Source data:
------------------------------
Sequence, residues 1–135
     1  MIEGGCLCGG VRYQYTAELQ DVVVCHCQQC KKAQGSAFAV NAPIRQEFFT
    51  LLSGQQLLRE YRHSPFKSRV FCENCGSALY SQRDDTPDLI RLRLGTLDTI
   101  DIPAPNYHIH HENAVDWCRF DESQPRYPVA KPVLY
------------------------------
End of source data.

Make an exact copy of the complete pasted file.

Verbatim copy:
Sequence, residues 1–135
     1  MIEGGCLCGG VRYQYTAELQ DVVVCHCQQC KKAQGSAFAV NAPIRQEFFT
    51  LLSGQQLLRE YRHSPFKSRV FCENCGSALY SQRDDTPDLI RLRLGTLDTI
   101  DIPAPNYHIH HENAVDWCRF DESQPRYPVA KPVLY